Per Se Driving While Intoxicated DWI Offenses in New Jersey
What a Per Se Violation of NJ DWI Laws Means if You’re Arrested
New Jersey law prohibits driving while intoxicated, which means driving when you are unable to operate a motor vehicle as well as a sober person under similar circumstances. Although police officers and prosecutors can attempt to prove that you were driving while intoxicated based on your external signs and symptoms of alcohol or drug impairment—as typically evidenced by your performance on a set of field sobriety tests or your refusal to submit to a required chemical test of your blood alcohol concentration—the most common way of proving a DWI offense is through a “per se” blood alcohol test result, as discussed below. While this article provides a general explanation of what it means to be charged with a per se DWI offense, you should speak with a knowledgeable attorney about your specific situation to find out how the law applies in your case. Call (201)-556-1570 now for a free consultation with a knowledgeable New Jersey DWI Lawyer at our firm. A member of our team is available immediately to assist you.
Per Se .08 Blood Alcohol Limit in New Jersey
New Jersey law imposes penalties on drivers if a chemical test confirms that they had a blood alcohol concentration of .08 or more at the time of driving, regardless of whether they were driving poorly at the time. This is known as a “per se” DWI—meaning that all drivers who register a .08 or more BAC reading at the time of driving are per se driving while intoxicated (alternatively referred to as driving under the influence or “DUI”), even if they performed field sobriety tests flawlessly or were pulled over for something as simple as an expired registration tag or tinted windows.
How Police and Prosecutors Prove a Per Se DWI
If a police offer suspects you of drunk driving—often if they see you driving poorly, weaving in and out of traffic lanes, failing to turn on your headlights at night, running a red light, ignoring a stop sign, or causing a traffic collision—that officer may pull you over and ask you a number of preliminary investigatory questions to establish whether they have probable cause to arrest you for DWI and subsequently test your blood alcohol level.
If you show external signs and symptoms of impairment during this initial period of questioning, or if you perform poorly on a commonly administered eye test in which you are instructed to follow a pen or flashlight with your eyes while the officer observes how your eyes react to that stimulus, the officer may ask you to submit to additional field sobriety tests or arrest you and request a chemical test sample from you.
Chemical Tests used as Evidence of Impaired Driving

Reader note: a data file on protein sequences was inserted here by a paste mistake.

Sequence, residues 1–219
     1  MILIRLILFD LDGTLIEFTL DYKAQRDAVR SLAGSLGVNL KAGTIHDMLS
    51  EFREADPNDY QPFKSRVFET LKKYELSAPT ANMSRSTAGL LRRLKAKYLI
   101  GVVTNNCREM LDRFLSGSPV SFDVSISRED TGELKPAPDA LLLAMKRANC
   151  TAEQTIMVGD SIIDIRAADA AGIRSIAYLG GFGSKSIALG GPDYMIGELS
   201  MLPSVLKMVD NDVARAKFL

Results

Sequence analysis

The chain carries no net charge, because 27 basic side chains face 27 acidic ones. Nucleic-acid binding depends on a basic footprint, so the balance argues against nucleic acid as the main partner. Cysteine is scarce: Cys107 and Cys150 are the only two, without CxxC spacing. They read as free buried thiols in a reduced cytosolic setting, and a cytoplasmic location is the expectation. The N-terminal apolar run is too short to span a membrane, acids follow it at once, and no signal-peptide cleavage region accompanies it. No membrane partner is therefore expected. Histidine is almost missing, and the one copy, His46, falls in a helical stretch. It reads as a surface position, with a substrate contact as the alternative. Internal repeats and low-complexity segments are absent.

New Jersey law requires drivers arrested for DWI to provide a chemical test sample upon request. The three most common chemical tests are breath tests, blood tests, and urine tests, in that order. If you refuse to take a chemical test after you are arrested for a DWI, that refusal can be used against you in court and you may be subject to stiff administrative penalties, including extended and automatic driver’s license suspension.
If you provide a breath, blood, or urine sample and that sample, when tested by a trained operator using special testing equipment (most commonly the Alcotest breathalyzer machine), reveals that you were driving with .08 or more BAC, a court or jury can find you guilty of driving while intoxicated, regardless of how well or how poorly you were driving or whether you subjectively felt impaired. In short, if your test comes back at over .08 BAC, you were per se driving while intoxicated and will face severe penalties.
Other Per Se DWI Laws in New Jersey
New Jersey law also applies stiffer per se penalties on individuals who are determined to have had a BAC of .10 or greater at the time of driving. Law enforcement uses the same methods described above to secure a .10 BAC per se DWI conviction, but the penalties associated with that alcohol level are more severe. New Jersey also imposes a per se DWI limit of .01 BAC on individuals who are under 21. So, for example, if a twenty-year-old is arrested and blows a .03 BAC on a breathalyzer machine, that twenty-year-old can be convicted of a per se underage DWI offense, whereas a twenty-one-year-old would not be subject to per se legal liability with the same BAC reading.
Have Questions about New Jersey DWI Laws?
If you have DWI charges pending in New Jersey, get the answers you need today from an experienced DUI attorney at The Tormey Law Firm. Knowing what your arrest could mean and understanding some of the ways you can defend against drunk driving charges to avoid a conviction is a vital step toward protecting your future. Contact our firm now at